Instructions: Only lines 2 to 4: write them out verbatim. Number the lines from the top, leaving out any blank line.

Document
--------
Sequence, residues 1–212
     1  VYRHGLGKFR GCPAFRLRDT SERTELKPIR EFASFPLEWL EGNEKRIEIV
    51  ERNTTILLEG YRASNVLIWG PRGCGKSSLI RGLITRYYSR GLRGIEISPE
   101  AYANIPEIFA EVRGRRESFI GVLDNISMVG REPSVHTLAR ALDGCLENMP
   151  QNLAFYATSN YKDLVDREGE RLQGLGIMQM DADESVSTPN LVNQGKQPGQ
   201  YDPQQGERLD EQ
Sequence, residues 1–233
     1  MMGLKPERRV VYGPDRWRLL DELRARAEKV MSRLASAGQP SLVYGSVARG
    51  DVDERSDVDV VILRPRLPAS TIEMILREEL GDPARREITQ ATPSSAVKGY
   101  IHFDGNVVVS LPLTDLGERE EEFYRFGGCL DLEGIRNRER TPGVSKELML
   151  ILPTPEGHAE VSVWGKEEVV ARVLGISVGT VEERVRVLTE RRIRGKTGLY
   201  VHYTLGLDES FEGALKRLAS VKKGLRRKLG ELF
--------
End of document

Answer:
     1  VYRHGLGKFR GCPAFRLRDT SERTELKPIR EFASFPLEWL EGNEKRIEIV
    51  ERNTTILLEG YRASNVLIWG PRGCGKSSLI RGLITRYYSR GLRGIEISPE
   101  AYANIPEIFA EVRGRRESFI GVLDNISMVG REPSVHTLAR ALDGCLENMP